Havana ’s largest plaza, Plaza de la Revolución (Revolution Plaza), which occupies the Loma de los Catalanes (Hill of the Catalans). The trapezoidal complex spanning 11 acres was laid out during the Batista era, when it was known as the Plaza Cívica. It forms the administrative center for Cuba. All the major edifices date back to the 1950s. Huge rallies are held here on May 1. The plaza is under close surveillance and loitering is discouraged.
Also here are the Biblioteca Nacional (National Library, tel. 07/855-5442, Mon.–Sat. 8:30 a.m.–5:30 p.m.), Cuba’s largest library, built 1955–1957 on the east side of the plaza in a similar monumental style as the Palace of Justice; the 21-story Ministerio de Defensa, originally built as the municipal seat of government on the plaza’s southeast side; and the Teatro Nacional (National Theater, Paseo y Av. Carlos M. de Céspedes, tel. 07/879-6011), one block to the northwest of the plaza, built 1954–1960 with a convex glazed facade.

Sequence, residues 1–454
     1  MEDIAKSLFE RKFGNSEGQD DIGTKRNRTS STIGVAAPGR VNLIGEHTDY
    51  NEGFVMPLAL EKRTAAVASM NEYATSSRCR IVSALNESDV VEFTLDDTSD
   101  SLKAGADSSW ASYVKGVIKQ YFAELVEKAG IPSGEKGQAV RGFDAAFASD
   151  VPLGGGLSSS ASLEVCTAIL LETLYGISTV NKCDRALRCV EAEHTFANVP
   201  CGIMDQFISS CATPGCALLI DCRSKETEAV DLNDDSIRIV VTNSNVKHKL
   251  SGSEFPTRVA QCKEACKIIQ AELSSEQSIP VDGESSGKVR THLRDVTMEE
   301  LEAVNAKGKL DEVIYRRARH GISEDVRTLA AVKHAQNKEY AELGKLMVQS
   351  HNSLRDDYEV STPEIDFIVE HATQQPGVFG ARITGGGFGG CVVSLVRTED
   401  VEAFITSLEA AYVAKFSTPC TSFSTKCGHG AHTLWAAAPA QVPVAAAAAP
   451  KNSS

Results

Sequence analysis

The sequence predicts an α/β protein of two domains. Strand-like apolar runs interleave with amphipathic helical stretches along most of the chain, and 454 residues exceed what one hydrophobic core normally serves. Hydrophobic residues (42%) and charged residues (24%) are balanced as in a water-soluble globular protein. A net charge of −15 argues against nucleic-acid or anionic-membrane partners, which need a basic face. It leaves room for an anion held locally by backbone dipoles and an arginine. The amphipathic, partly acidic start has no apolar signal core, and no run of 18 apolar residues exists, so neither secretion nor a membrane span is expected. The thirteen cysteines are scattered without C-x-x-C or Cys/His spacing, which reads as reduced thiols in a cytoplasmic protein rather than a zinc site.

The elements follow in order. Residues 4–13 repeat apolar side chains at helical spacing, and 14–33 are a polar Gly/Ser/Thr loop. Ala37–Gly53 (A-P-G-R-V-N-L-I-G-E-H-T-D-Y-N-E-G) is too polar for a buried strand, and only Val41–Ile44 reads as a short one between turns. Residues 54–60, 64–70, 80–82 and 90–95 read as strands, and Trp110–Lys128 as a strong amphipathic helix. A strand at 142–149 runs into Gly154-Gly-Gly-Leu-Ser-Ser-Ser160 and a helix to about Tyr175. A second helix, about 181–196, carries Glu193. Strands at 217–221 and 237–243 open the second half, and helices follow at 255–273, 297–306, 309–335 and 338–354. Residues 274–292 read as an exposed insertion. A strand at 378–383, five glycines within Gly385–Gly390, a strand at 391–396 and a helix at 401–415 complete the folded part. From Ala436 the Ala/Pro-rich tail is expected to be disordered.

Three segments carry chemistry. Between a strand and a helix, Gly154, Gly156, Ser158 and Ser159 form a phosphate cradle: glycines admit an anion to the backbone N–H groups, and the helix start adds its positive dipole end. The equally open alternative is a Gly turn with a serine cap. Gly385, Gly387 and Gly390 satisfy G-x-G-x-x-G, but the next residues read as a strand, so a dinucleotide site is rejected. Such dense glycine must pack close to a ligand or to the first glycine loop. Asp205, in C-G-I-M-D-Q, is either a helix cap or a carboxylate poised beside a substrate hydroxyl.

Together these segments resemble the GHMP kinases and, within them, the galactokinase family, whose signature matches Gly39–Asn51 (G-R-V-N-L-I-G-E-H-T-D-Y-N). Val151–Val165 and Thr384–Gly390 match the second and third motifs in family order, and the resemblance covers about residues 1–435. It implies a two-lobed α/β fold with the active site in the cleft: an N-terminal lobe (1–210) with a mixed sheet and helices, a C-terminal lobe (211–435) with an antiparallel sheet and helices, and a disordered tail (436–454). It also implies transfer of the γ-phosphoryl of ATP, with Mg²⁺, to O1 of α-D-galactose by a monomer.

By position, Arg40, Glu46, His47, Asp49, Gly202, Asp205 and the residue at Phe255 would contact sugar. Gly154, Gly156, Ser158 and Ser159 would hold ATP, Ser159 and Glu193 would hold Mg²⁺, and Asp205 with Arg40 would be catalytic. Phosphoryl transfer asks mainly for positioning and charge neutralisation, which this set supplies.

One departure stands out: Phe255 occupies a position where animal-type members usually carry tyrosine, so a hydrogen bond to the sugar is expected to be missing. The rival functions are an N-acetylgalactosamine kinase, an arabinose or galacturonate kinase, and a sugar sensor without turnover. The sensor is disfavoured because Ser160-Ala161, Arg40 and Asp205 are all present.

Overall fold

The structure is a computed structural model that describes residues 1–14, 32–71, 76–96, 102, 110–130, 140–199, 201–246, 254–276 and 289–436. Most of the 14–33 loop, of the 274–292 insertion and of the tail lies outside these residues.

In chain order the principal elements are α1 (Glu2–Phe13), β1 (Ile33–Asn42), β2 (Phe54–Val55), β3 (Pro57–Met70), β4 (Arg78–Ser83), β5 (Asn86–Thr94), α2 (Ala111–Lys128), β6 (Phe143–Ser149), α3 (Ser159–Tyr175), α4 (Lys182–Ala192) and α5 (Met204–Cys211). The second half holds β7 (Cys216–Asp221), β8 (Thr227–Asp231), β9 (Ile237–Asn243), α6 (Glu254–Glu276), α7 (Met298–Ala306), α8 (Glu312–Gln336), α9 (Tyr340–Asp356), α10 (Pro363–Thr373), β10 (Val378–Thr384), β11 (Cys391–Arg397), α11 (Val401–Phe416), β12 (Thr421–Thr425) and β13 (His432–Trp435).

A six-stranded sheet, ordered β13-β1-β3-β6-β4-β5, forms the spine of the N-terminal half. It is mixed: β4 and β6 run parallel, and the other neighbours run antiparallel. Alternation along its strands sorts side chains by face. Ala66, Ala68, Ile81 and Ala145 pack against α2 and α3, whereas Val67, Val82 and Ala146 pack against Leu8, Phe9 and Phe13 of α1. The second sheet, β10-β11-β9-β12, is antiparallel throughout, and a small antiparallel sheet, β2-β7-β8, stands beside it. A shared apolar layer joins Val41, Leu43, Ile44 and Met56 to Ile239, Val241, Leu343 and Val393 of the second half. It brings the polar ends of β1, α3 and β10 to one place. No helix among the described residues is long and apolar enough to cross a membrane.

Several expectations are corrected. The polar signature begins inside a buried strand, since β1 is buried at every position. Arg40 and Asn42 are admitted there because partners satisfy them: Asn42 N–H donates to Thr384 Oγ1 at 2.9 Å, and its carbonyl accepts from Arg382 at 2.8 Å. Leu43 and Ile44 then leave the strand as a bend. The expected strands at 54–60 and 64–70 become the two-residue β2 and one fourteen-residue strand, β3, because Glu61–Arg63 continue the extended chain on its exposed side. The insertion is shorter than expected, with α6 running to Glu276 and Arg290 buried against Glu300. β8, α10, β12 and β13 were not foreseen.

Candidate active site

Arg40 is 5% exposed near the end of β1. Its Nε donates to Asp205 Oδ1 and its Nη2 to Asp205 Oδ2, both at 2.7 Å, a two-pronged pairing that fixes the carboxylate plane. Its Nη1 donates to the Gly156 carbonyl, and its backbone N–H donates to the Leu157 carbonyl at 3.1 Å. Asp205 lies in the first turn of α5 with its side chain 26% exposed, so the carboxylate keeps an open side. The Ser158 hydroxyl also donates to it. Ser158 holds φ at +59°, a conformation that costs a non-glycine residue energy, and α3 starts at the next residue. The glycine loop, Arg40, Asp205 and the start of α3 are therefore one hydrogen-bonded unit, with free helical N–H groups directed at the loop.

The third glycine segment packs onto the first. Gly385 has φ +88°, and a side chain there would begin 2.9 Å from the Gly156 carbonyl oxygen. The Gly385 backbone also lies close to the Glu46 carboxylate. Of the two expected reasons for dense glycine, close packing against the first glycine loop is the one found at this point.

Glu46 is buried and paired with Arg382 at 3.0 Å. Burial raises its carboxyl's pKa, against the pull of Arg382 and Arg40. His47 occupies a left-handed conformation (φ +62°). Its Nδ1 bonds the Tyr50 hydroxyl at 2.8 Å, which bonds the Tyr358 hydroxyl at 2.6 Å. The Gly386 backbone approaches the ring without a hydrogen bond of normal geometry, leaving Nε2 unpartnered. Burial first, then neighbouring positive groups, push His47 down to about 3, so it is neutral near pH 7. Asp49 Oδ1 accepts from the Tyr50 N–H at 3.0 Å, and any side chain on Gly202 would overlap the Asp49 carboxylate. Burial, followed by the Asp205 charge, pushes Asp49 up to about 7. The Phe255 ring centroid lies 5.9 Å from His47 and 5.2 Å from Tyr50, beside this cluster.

Paseo climbs northwest from Plaza de la Revolución to Zapata, where in the middle of the road rises the Memorial a Ethel y Julius Rosenberg, bearing cement doves and an inset sculpture of the U.S. couple executed in Sing Sing Prison, New York, in 1953 for passing nuclear secrets to the Soviet Union. An inscription reads, “Assassinated June 19, 1953.” The Cuban government holds a memorial service here each June 19.
To the rear of the library is the Monumento El Legado Cultural Hispánico, a larger-than-life bronze statue by American sculptor Anna Hyatt Huntington of two naked men (one on horseback) passing a baton.
One block northeast of Plaza de la Revolución is the Museo de Historia del Deporte (Sports History Museum, Av. Rancho Boyeros, e/ 19 de Mayo and Bruzón, tel. 07/881-4696, Tues.–Sun. 10 a.m.–5 p.m., CUC1), in the Sala Polivatente Ramón Fonst stadium.